The daughter of Hong Kong’s chief executive threatens to sue everyone for her Facebook rants

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Image: Reuters/Carlos Barria
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Chai Yan Leung, the daughter of Hong Kong chief executive CY Leung, hasn’t been doing her embattled father any favors lately. She recently drew the ire of pro-democracy protesters by bragging on Facebook that her luxury purchases are “funded by all you HK taxpayers.” Chai Yan quickly deleted her Facebook account after that rant went viral, but now the account is back (though the “all you HK taxpayers” post was deleted), and she is using it to threaten to sue every media outlet that reported on her social media foibles.

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There is strong evidence that the Facebook account does in fact belong to Chai Yan Leung, and her family has publicly responded to controversial posts she has made there in the past. Quartz asked CY Leung’s office for confirmation of the account’s authenticity and was told in an email: “The Chief Executive’s Office has no comment on your enquiry.”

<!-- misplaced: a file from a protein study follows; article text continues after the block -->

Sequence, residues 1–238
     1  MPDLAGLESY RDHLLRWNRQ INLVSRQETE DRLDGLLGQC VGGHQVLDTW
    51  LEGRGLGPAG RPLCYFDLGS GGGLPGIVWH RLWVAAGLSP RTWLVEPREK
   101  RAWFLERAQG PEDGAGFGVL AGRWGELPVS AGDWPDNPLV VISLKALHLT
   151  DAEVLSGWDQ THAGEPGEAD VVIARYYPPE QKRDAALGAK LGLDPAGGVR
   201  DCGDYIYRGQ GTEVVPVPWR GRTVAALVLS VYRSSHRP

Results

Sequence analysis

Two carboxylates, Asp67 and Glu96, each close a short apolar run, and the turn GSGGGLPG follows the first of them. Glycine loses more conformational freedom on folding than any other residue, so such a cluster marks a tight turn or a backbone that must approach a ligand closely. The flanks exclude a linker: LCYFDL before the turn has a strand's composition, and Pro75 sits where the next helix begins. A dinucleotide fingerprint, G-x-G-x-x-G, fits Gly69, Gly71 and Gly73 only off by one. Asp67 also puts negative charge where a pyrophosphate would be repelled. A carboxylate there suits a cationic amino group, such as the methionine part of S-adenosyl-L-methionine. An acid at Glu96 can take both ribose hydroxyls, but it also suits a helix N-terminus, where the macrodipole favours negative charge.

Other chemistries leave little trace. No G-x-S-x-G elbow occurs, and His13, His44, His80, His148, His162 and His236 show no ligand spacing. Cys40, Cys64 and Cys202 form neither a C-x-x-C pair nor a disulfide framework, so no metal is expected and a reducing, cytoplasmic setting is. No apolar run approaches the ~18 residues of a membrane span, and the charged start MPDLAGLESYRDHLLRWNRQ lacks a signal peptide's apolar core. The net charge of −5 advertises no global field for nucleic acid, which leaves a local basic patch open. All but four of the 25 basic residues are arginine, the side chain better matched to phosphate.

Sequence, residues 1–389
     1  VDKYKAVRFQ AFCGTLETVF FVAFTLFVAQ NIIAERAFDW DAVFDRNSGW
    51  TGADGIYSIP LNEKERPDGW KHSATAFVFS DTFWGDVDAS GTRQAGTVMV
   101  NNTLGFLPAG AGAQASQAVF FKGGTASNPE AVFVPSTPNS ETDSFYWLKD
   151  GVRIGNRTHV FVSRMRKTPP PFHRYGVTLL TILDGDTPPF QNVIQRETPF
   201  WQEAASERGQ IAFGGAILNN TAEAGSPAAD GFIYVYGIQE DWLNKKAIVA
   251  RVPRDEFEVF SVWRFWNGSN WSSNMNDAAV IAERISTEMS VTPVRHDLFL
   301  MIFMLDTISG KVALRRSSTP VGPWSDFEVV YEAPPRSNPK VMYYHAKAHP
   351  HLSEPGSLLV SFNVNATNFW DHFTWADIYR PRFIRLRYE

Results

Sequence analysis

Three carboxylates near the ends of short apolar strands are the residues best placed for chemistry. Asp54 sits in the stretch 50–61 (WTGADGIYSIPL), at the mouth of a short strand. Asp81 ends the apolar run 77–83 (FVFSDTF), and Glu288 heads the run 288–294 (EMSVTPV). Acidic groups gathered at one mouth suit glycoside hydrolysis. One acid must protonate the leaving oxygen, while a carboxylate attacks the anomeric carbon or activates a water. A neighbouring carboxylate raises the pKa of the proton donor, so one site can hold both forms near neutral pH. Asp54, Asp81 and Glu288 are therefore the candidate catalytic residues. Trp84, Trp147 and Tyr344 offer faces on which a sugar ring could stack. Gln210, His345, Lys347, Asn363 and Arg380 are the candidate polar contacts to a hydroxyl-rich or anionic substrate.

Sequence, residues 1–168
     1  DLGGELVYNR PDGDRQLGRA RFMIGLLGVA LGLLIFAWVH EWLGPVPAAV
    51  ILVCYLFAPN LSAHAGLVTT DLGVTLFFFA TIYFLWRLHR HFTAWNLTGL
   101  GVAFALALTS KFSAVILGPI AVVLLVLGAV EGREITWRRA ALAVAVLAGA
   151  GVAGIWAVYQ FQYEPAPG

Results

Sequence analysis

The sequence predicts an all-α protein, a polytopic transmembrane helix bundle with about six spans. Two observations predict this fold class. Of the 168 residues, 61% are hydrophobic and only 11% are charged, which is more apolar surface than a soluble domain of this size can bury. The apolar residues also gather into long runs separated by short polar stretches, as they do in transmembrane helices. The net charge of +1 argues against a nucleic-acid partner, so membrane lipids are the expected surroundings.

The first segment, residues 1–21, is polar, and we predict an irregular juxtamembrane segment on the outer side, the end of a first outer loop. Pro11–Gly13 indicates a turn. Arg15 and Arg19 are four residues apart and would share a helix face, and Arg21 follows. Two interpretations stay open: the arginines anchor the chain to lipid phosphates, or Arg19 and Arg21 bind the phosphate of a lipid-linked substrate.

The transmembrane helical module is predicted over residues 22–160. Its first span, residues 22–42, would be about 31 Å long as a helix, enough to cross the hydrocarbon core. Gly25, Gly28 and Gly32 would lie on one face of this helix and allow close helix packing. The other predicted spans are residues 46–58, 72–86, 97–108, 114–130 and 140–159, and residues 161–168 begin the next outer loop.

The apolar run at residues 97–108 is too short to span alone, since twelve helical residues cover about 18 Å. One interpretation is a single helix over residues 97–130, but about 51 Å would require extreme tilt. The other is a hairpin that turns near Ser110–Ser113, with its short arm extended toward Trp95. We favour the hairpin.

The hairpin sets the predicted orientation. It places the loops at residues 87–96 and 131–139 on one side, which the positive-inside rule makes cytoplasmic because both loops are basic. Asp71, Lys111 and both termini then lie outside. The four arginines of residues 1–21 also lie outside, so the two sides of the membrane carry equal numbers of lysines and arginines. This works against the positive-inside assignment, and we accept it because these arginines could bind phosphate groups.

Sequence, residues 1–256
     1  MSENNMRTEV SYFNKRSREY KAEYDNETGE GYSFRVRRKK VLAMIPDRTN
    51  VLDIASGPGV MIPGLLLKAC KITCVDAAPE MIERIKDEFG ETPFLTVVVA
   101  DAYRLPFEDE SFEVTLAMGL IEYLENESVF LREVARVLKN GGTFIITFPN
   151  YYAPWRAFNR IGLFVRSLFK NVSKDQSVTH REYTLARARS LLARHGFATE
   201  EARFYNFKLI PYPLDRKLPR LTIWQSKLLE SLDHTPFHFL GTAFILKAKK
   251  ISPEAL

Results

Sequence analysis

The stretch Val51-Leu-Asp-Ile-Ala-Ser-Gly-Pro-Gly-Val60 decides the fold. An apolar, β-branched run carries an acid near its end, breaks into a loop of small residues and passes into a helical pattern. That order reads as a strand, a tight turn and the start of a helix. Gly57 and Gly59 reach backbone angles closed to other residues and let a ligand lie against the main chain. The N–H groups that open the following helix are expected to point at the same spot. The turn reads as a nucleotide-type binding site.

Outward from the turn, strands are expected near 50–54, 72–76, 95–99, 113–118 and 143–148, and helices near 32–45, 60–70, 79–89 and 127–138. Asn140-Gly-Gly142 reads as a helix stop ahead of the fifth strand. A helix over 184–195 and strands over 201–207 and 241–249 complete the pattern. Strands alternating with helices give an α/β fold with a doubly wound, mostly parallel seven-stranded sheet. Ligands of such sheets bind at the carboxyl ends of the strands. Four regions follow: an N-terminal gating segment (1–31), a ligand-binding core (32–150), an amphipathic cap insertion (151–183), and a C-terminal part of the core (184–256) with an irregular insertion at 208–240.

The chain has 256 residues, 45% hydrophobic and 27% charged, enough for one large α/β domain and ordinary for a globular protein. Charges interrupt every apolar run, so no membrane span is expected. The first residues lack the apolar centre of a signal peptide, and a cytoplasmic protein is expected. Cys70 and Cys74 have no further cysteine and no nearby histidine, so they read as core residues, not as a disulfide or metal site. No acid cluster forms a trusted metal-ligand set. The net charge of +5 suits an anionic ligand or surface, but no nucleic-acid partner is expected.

Chai Yan Leung, according to her Facebook profile, studied undergraduate-level law at the London School of Economics. And while her threats may sound somewhat overblown, Hong Kong law could actually be on her side, and against media outlets including The Daily Show with Jon Stewart:

Libel law in Hong Kong (pdf), based on the UK legal system, favors plaintiffs much more in than the United States. Newspaper defendants being sued for defamation, for instance, need to prove that not only that what they’ve published about someone is true, but also that publishing the information was “for the public benefit.” Publishing information known to be false carries a two year prison term, and publishing an apology is one potential defense.

Recent judgments have been harsh on defendants. Earlier this year, a Hong Kong judge ruled that a tycoon’s defamation lawsuit against Google—for “autocomplete” search suggestions that linked him to organized crime—could proceed. And in 2012, the Hong Kong newspaper Oriental Daily was successfully sued for libel for anonymous comments left in one of its online forums.

As for Chai Yan Leung, a prominent Hong Kong journalist suggested that her woes could potentially serve as a good excuse for CY Leung if he ends up stepping down:

An earlier version of this post misspelled Chai Yan Leung’s name.